Shubh Mangal Zyada Saavdhan: Would You Let Your Kids Watch It?

Yesterday, my cousin told me that she wanted to watch this movie. She was not sure if she should take her eight- year-old daughter. She told me that mothers on one of the groups  were judging how some people got kids for the movie which was not ‘appropriate’.

I think I have been living under a rock. I had no idea about this movie until yesterday. But more than the movie, I was curious to find an answer for her.

Can she take her kid to watch it?

My take on the movie

First of all, I would like to say that the movie was not that great. It was very entertaining in parts. And of course, we have to appreciate that Bollywood has dared to be so bold.  I felt that Ayushmann Khurana’s Karthik Singh was too filmy to be believable.  He was a let down. I know they had deliberately kept the movie light so that it does not get preachy. But even still, I think the overall package did not conclude well.  For example, ‘Badhai ho’ was the right amount of drama, emotion and comedy.  But this movie was made in a rush I feel.

Aman Tripathi who played Jitendra Kumar did a restrained and expressive performance.  His family consisting of Neena Gupta and Gajraj Rao, the couple from Badhai ho, and extended family of Sunita Rajwar and Manu Rishi did a brilliant job. Special mention for Maanvi Gaagroo who played the woman who could not find a groom.  The family dynamics was far more entertaining than the actual plot of the two men being in love and trying to convince their family.  In fact, by the end of the movie, I felt more for the poor Goggle than the lead pair!

Acting by everyone (except Ayushman) is awesome.. This was certainly not Ayushman’s best.  Neena Gupta is getting prettier day by day.

But nonetheless, this was an important film and just because I did not like it so much, does not mean it does not get credit for the message it wished to convey: Homophobia.

Can’t they just change?

When I was 11, my family had moved to New York City. Prior to that, I was studying in an all-girls convent in Patna.  It was a big change for me.  In the next few years, I would hear new terms such as ‘gay’ ‘lesbian’ ‘homo’. At that age, kids even in a developed country like the United States would use these words to insult their classmates.  I was dumb when it came to sexuality even by Indian small town standards. There was no way I could compare to the exposure these kids had.  I had a friend who was born and brought up there. Intelligent, sensible and empathetic, she used to be my ‘go to’ person for all the questions.  I have blogged about her before.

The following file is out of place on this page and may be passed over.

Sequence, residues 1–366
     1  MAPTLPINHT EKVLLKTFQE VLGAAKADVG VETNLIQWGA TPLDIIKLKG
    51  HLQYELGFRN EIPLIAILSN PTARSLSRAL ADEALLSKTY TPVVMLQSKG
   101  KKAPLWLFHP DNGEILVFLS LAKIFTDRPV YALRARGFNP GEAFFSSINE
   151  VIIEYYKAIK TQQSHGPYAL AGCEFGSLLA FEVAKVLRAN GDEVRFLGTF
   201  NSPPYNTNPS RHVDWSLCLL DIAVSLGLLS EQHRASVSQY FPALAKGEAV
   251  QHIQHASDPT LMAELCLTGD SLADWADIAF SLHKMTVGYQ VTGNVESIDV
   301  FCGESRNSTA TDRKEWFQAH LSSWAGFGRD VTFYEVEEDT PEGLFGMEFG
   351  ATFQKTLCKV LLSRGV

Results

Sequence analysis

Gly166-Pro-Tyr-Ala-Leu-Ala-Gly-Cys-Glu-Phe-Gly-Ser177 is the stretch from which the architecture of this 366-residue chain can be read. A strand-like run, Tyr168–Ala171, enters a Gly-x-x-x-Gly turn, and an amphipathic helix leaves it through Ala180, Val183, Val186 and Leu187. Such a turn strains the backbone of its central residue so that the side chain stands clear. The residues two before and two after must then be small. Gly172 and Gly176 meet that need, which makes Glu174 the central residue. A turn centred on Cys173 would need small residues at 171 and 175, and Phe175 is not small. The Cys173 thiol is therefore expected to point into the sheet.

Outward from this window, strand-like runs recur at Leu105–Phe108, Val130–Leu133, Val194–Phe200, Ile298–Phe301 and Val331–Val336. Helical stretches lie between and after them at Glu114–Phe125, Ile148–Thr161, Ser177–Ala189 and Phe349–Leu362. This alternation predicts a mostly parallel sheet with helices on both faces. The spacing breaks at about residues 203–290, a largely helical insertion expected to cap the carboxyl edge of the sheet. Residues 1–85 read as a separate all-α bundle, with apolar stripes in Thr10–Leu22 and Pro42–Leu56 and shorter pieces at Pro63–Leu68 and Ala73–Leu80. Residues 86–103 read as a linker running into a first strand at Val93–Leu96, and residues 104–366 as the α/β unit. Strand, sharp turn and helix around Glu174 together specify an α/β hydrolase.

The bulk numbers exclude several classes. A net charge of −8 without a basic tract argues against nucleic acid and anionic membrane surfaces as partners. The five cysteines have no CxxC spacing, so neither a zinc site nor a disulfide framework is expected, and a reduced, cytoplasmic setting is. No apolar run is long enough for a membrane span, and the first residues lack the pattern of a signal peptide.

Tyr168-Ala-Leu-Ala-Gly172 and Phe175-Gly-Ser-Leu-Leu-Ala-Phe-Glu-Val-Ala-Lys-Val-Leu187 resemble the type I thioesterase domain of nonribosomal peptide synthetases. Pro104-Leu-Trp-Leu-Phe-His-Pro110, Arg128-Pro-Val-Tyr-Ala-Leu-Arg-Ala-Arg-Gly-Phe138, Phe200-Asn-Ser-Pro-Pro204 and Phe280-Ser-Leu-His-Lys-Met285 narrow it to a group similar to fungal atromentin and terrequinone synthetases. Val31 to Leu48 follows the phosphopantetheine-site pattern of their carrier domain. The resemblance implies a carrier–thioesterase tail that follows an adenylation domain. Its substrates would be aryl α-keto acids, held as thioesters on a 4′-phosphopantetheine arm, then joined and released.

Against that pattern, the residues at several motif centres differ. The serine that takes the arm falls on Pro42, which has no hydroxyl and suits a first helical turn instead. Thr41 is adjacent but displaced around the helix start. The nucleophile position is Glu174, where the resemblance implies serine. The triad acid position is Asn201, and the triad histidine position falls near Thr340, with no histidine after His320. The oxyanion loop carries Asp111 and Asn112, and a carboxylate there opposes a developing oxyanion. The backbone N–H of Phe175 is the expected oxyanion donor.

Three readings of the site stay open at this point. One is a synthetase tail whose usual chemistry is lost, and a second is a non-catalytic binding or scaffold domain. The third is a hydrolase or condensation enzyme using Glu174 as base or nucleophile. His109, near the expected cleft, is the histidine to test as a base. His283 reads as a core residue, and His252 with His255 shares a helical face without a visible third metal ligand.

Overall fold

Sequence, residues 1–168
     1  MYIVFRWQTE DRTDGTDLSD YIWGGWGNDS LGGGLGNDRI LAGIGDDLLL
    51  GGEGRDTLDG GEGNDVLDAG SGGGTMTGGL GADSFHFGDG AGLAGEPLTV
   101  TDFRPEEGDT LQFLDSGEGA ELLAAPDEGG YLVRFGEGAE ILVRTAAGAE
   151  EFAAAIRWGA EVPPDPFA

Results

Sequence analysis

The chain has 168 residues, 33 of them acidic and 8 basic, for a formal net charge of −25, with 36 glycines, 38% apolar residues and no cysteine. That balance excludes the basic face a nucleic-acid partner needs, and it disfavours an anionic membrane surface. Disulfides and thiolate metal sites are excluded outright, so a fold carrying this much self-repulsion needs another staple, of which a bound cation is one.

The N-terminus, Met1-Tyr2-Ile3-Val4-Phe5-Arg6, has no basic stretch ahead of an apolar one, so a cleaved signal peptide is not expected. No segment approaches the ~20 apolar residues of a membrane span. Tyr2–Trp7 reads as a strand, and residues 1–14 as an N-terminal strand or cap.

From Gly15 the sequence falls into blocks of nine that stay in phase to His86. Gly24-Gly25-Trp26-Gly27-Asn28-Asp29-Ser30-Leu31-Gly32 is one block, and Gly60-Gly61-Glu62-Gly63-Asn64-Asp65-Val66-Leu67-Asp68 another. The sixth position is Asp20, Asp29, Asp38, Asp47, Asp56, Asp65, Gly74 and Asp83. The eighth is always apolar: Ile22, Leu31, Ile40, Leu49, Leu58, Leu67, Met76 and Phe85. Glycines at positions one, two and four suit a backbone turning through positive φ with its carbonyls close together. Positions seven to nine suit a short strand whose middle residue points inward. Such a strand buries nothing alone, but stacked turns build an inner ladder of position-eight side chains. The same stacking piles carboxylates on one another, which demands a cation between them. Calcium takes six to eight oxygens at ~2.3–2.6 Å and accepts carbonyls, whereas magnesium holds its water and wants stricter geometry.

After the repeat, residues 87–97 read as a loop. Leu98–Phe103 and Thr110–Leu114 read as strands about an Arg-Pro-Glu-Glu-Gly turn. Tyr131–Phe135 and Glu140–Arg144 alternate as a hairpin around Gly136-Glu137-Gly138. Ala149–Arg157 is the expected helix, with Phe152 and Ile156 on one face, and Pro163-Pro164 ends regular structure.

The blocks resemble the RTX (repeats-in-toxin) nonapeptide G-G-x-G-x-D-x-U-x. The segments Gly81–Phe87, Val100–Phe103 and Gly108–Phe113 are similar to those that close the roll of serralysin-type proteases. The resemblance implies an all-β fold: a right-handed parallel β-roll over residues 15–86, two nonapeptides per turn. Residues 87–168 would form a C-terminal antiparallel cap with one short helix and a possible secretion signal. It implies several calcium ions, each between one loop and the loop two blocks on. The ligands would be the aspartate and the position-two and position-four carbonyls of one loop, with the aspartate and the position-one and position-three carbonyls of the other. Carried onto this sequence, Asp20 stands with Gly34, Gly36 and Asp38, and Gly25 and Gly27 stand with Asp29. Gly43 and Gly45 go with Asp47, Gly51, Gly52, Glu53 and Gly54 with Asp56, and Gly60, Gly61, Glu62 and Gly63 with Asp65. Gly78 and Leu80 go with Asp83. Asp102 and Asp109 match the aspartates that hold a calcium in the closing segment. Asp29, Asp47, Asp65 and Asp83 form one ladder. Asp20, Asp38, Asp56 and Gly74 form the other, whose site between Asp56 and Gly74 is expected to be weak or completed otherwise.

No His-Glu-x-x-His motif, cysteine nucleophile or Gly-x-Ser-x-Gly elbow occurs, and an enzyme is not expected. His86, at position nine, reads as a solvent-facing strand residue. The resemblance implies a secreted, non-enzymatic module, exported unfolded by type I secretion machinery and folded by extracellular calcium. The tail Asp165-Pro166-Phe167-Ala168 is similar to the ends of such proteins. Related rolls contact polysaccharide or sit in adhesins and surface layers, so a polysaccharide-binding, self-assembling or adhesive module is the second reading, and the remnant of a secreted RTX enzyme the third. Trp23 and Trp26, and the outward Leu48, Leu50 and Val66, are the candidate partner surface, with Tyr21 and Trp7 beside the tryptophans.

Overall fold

Me: Why do they have to have such strong feelings. Why can’t they at least try.

Sarah: Try what?

Me: Like assuming a girl is a lesbian. But she is still a girl. Why does she have to like a girl only!  Can’t she at least try to like a boy!

Sarah: Can you like a girl, no matter how much you try?

In my defense, I was just 13-14. But I was lucky to have someone at that tender age with whom I could expose my ignorance, and not be judged.

The movie has done an excellent job explaining what I had asked my friend about 20 years ago.

  • Can kids watch this movie?

The movie has a U/A certificate which means parental guidance advised below the age of 12 years.

My cousin’s daughter is 8. What should I advise her?

 What Bollywood offers in abundance:

Kissing

There are two kissing scenes between the lead pair. But do we not have kissing scenes between the hero and heroine? Do we not take kids for those movies?

Item numbers

We expose  children to songs like ‘Main to tandoori murgi ho yaar, gatka le saiyya alcohol se.’ It is so normalized that we do not even give it a second thought.

Crass humour

Bollywood is full of movies that makes fun of fat people. Dark people. Slapping women was common until now, thanks to Taapsee’s upcoming movie. All Bollywood heroines are so beautiful.  Romance movies which is what Bollywood produces the most are about pretty people falling in love. We expose kids to fat shaming,  skin-color shaming, and the idea that it is important to look good to find love.

When so much of wrong is okay, what is wrong in a love story of two men with a good message?

If I take all this into consideration, I do not see anything wrong in letting kids watch this movie. At least this movie conveys the right message. I hope this is just a start.  There should be so many more.

A plus point for the movie was the way it started.  The lead pair was a couple in love living in Delhi.  There was no explanation. No justification. They were who they were. Without making a point.   I hope there are many more movies that normalize homosexual relationships and not just ‘coming out’ and acceptance.

So would you take your kid?

The only thing that one should consider is if your kid is at an impressionable age, would this be the right medium to expose them to homosexuality? Would you first see the movie yourself then decide? Would you give your child a little background first? Would you let them watch first and answer the questions that get triggered? Or would you do what Indian parents do the best – Forbid them from watching such movies, and convince yourself that they will never get to know about it anyway!

I have also heard  people say that talking about something to children means ‘encouraging them’ so they would rather ignore the topic altogether. Also, I am sure some people feel that kids may get some ‘ideas’ that would end up shaping them so better not take a risk.

I loved a dialogue from the movie.  “Hum na gande log hain na acche log hain. Hum bus log hain.”

I would like answers in the comments. I don’t have any answers because I don’t have children and have no idea how to deal with such situations!

But I do have to give an answer to my cousin…

 

 

Facebook Comments

Leave a Reply

Please Login to comment